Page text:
Friday, March 24, 2017

Labour & Pop Culture: In the City of Chicago

This week’s installment of Labour & Pop Culture is “In the City of Chicago” by Christy Moore. This song talks about the immigrant experience of Irish who fled the Irish potato famine of 1845-1852 and settled in Chicago. During this period, approximately 1 million Irish died and another million emigrated.

Emigration is often best understood by considering both push and pull factors. Contemporary research suggests that push factors include the need to seek employment and, more importantly, a sense of dissatisfaction with life in their home community.

Pull factors included employment prospects in the destination community, as well as the desirability of the destination (e.g., ability to find and integrate into a social community, availability of housing). As the Irish potato famine (or the more recent exodus of Syrians from their country) reminds us, sometimes the push factor overwhelms the pull.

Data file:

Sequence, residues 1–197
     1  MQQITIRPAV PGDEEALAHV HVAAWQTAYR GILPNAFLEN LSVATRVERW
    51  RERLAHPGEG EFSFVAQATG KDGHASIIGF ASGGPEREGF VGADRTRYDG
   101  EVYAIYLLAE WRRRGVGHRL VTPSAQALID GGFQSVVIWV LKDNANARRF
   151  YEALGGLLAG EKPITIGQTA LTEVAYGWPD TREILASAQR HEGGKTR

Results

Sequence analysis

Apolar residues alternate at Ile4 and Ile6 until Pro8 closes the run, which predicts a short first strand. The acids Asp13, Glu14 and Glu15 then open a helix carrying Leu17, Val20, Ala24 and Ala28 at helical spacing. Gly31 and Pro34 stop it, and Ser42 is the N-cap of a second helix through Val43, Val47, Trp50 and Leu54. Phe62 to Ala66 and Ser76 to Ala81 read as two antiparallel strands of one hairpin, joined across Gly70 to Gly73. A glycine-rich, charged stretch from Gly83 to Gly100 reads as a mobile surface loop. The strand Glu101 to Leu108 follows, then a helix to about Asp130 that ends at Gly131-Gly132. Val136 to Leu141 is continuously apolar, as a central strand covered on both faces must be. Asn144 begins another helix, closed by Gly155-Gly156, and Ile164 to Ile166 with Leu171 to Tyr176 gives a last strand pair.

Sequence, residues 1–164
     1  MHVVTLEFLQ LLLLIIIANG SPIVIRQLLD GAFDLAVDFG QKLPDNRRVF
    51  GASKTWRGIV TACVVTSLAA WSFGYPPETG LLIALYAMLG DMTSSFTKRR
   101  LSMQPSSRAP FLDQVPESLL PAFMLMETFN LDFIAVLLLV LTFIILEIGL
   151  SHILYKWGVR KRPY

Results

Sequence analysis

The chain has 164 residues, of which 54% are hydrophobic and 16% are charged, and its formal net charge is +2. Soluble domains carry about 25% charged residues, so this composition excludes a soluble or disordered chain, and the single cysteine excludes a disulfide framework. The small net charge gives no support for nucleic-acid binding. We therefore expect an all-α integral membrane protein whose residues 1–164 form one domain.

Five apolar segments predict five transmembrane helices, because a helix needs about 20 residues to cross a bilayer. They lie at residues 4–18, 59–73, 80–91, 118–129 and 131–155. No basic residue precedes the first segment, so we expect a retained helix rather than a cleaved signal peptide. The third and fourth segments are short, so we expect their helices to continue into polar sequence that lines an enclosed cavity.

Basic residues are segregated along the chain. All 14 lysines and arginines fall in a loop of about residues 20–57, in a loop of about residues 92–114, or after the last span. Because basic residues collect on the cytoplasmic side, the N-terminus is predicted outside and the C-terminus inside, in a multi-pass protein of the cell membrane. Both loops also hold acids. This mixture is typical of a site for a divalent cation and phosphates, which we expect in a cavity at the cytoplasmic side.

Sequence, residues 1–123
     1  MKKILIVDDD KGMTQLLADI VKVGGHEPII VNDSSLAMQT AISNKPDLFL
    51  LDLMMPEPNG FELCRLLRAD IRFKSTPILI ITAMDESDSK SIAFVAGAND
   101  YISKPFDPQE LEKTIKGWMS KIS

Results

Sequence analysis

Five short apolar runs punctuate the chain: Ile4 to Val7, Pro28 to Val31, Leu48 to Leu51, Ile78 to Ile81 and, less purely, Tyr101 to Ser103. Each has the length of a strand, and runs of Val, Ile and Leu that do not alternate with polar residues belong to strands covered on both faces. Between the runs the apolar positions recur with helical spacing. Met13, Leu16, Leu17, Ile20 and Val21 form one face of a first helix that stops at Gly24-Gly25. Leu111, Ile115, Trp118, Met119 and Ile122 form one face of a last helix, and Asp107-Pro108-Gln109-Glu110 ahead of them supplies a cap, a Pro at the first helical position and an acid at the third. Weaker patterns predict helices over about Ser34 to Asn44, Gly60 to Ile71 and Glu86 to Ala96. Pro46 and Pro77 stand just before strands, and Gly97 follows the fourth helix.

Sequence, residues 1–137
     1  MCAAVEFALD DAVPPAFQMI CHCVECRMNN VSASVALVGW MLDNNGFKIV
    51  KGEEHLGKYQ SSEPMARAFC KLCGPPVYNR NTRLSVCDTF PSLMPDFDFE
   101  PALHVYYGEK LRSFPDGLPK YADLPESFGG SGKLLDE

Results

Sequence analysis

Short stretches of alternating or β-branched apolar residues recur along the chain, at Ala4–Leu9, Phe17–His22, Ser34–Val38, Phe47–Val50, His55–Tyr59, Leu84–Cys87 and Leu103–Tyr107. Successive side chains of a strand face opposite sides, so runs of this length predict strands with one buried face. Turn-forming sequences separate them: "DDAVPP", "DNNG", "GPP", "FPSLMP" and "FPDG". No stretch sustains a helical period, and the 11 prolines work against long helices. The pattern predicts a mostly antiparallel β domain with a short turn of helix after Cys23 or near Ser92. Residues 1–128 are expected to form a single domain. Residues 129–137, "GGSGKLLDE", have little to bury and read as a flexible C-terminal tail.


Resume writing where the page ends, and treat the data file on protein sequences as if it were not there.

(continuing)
In the City of Chicago,
As the evening shadows fall,
There are people dreaming,
Of the hills of Donegal.

1847, was the year it all began,
Deadly pains of hunger, drove a million from the land,
They journeyed not for glory,
Their motive was not greed,
A voyage of survival,
Across the stormy sea.


Some of them knew fortune, some of them knew fame,
More of them knew hardship,
And died upon the plain,
They spread throughout the nation,
They rode the railroad cars,
Brought their songs and music,
To ease their lonely hearts.


-- Bob Barnetson

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